Belfast Telegraph

Prime Minister Boris Johnson 'considering' calling snap election - reports

Boris Johnson is facing a backlash from MPs opposed to a no-deal Brexit (Daniel Leal-Olivas/PA)
Boris Johnson is facing a backlash from MPs opposed to a no-deal Brexit (Daniel Leal-Olivas/PA)

The Prime Minister is considering calling an early general election, it has been reported, as pressure from MP's to prevent a no-deal Brexit mounts.

The BBC reports that "live discussions" are ongoing about asking Parliament for approval for a snap poll.

Boris Johnson has said the UK will leave the EU on October 31, with or without a deal, prompting opposition MPs and Tory rebels to join forces in a bid to take control of Commons business and stop a no-deal exit.

In response, Conservative whips have warned MPs that they face being kicked out of the party if the fail to back the Government when Parliament resumes on Tuesday.

The news comes as ahead of an unscheduled meeting between the Prime Minister and his Cabinet in Number 10 on Monday evening.

According to reports, Northern Ireland Secretary Julian was due to appear before the media near the Irish border on Monday, but was called back to London for meetings.

A Downing Street source told PA: "They will discuss Government's response to MPs seeking to take control of legislative agenda away from Government and handing it to the opposition and Corbyn without the consent of the people."

The view from Number 10 is that the expected vote on Tuesday is "an expression of confidence in (the) Government's negotiating position to secure a deal and will be treated as such".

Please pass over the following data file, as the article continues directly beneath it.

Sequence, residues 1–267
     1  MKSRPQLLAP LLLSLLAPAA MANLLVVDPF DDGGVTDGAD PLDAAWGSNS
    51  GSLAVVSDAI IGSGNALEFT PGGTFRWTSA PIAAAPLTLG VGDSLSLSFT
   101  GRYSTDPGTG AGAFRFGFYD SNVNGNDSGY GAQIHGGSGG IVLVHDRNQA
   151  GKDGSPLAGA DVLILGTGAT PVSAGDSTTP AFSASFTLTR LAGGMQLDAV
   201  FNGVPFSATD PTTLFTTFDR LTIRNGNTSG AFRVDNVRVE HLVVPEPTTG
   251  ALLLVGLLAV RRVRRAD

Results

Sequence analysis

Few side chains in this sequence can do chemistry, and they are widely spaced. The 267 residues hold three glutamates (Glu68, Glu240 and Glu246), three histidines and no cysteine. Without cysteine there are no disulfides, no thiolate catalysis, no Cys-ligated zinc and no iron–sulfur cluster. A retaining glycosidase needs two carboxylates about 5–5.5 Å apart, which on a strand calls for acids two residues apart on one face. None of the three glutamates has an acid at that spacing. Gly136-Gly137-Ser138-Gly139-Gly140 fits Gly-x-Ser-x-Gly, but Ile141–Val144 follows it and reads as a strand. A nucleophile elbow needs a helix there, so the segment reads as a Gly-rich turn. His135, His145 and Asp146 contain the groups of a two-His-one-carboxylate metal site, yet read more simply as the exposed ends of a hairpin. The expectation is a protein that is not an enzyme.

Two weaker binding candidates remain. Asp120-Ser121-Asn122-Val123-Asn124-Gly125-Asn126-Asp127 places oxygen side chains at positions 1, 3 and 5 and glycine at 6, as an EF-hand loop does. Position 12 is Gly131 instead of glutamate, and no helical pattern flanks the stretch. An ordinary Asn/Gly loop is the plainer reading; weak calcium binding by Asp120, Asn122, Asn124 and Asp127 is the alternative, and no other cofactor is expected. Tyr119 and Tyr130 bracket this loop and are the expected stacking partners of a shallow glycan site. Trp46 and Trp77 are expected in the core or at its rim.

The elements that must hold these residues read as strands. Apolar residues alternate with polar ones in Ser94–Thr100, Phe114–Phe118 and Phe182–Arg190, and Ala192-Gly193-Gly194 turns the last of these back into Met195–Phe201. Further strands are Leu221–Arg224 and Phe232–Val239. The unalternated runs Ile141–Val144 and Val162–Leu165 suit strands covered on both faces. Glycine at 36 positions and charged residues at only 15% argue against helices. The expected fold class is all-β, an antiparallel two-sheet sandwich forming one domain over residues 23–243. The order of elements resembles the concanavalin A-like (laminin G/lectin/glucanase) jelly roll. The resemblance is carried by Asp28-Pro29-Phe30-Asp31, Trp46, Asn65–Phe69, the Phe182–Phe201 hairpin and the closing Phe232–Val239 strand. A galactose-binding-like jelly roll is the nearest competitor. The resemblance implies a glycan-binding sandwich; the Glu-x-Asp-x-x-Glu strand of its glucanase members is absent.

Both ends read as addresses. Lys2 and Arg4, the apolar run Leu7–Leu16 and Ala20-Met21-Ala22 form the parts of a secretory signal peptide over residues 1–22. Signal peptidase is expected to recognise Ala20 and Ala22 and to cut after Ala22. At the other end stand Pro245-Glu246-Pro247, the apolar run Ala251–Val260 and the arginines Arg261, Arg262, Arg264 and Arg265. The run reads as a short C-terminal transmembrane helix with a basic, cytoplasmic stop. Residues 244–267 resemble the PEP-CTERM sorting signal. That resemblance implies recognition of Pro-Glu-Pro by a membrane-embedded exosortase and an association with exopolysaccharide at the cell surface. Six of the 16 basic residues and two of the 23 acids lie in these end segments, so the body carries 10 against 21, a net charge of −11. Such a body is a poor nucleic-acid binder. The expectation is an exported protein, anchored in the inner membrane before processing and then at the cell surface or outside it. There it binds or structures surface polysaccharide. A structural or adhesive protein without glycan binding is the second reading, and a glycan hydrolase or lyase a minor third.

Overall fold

Meanwhile, Irish Taoiseach Leo Varadkar said he may meet Boris Johnson next week.

He said he would listen to alternatives to the backstop, but so far suggestions have been on just managing the border, which he told RTE was not the outcome Ireland wanted.

The European Commission has said there have been no new "concrete" proposals put forward by the UK on replacing the Irish border backstop.

The Taoiseach told RTE: "I am always willing to listen to any proposal that a British Prime Minister has.

"The backstop is a means to an end.

"It is there to ensure that we continue to have frictionless trade north and south, that there is no physical infrastructure, no checks, no controls, no tariffs.

"We want that to continue to be the case. It has been the case since 1992, we want that to continue.

"Of course, I would listen to any proposals that the British Prime Minister may have to achieve that by an alternative means and we provide for alternative arrangements in the joint political declaration.

"The difficulty is that anything we have seen so far when it comes to alternative arrangements do something very different.

"They just manage a border, they facilitate tariffs, they facilitate checks, they facilitate controls but try to do it in a way that is invisible and unobtrusive, and that is better than nothing but it is not the outcome that we want to achieve."

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